HG Alert: New mandatory pool safety requirements for Queensland sellers and buyers - 16 Nov 2010

New swimming pool safety laws mean that sellers and buyers of properties in Queensland that have a pool will need to ensure that it meets minimum safety standards and has a current pool safety certificate.

The Building and Other Legislation Amendment Act (No. 2) 2010 was introduced into Parliament on 18 August 2010, and has now been passed. These changes will commence on 1 December 2010.

These laws will apply to all properties that have regulated pools, including hotels, motels, caravan parks and manufactured home parks. Sellers who don't comply with the laws will be exposed to heavy penalties.

Key changes

  • If you're selling a property with a pool, under a contract of sale for the premises, you must give the buyer a pool safety certificate (if one is in effect before settlement). If the pool doesn't have a certificate, you will need to give a prescribed notice to the purchaser, the chief executive administering the Act, and if it is a shared pool, to the owner of the pool (the body corporate). Sellers who do not comply with this may be subject to a maximum penalty of $16,500.
  • If you're buying a property with a pool, you should make sure that you are aware of whether the pool is compliant, as if you receive a notice (before settlement) that the pool is non-compliant, you will be responsible for obtaining a pool safety certificate within 90 days of settlement. You will also be responsible for the cost of any work required to obtain the certificate, which in some cases may be significant. This will create an additional point of negotiations for sellers and buyers prior to entering into a contract of sale.
  • If you are a property owner leasing a property with a pool, the Act requires a pool safety certificate to be provided to the lessee before they sign or enter into an accommodation agreement for a non-shared pool (such as a pool on a residential property). If property owners enter into such an agreement without first obtaining a pool safety certificate, they will be committing an offence under the Act. The definition of 'accommodation agreement' captures residential tenancy agreements and rooming accommodation agreements under the Residential Tenancies and Rooming Accommodation Act 2008, as well as any agreement under which a person gives someone else a right to occupy premises in exchange for money or other valuable consideration.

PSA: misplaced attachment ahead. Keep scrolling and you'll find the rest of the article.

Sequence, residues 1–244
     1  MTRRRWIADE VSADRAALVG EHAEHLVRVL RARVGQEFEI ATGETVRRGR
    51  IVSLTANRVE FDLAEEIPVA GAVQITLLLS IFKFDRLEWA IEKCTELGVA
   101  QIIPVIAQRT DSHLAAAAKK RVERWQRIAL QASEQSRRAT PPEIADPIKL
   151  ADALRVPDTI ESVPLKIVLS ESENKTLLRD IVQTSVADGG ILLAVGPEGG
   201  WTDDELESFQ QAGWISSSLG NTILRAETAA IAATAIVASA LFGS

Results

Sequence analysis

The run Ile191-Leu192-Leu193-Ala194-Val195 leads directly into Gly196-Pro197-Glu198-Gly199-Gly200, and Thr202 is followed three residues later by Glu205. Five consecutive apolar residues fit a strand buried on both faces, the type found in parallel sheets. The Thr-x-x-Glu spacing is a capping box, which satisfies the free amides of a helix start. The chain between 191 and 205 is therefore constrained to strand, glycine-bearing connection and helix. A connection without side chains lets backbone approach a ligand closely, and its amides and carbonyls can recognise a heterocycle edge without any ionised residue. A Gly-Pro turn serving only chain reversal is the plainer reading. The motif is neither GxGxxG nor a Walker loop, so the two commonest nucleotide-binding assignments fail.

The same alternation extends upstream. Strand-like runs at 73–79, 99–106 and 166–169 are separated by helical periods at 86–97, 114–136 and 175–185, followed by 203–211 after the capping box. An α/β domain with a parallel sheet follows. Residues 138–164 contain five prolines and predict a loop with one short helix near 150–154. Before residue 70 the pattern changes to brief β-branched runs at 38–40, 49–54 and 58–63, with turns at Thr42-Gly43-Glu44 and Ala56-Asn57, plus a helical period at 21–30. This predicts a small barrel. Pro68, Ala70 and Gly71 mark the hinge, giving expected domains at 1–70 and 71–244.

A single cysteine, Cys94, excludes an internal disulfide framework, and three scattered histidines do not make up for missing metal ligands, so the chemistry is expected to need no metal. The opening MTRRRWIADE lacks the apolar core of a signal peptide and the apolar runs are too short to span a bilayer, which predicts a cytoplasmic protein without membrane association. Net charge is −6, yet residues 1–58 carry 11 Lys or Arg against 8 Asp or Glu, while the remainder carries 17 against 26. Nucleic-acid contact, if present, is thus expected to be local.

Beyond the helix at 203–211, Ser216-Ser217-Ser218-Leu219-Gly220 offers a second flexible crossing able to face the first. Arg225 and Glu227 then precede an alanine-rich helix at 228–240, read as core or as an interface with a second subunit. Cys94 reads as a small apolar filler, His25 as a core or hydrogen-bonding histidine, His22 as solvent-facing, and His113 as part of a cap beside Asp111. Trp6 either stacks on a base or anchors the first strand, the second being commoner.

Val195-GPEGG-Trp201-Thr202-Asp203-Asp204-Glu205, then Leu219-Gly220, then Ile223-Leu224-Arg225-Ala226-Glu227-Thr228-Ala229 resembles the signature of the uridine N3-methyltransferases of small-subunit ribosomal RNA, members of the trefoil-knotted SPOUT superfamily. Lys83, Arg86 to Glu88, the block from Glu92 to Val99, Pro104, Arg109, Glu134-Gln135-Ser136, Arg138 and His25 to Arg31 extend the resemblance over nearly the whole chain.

When a pool must be compliant

All pools in Queensland must be compliant by the 'pool safety standard application day'. The 'pool safety standard application day' is an important term, as it creates a statutory timeframe which, if not adhered to, will leave owners open to penalties. However, the pool safety standards only apply to regulated pools from the 'pool safety application day', so in that sense the existing standards continue to apply up until that day.

The 'pool safety standard application day' for a residential property with a pool is whichever of the following occurs first:

  • Five years after the proclamation of the Act
  • The day an 'accommodation agreement' is entered into
  • The day a pool safety certificate is issued
  • 90 days after the day of settlement, if the building where the pool is situated is sold and a pool safety certificate is not in effect for the pool at settlement.

Getting a certificate

If the pool complies with safety standards, the pool inspector will give the owner a safety certificate within two business days of the inspection.

If the pool does not comply with safety standards, the inspector will issue a non-conforming notice stating: 

  • why the pool is non-complying;
  • what work needs to be done to make the pool a complying pool; and
  • that the owner may ask the pool safety inspector to reinspect the pool within three months after giving the non-conformity notice.

If the owner does not ask the inspector to reinspect the pool within 90 days, the inspector must notify the local council and provide them with a copy of the non-conforming notice. The penalty for having a non-complying pool is $16,500.

For more information about buying or selling a property with a pool under this legislation, please contact HopgoodGanim's Commercial Property practice.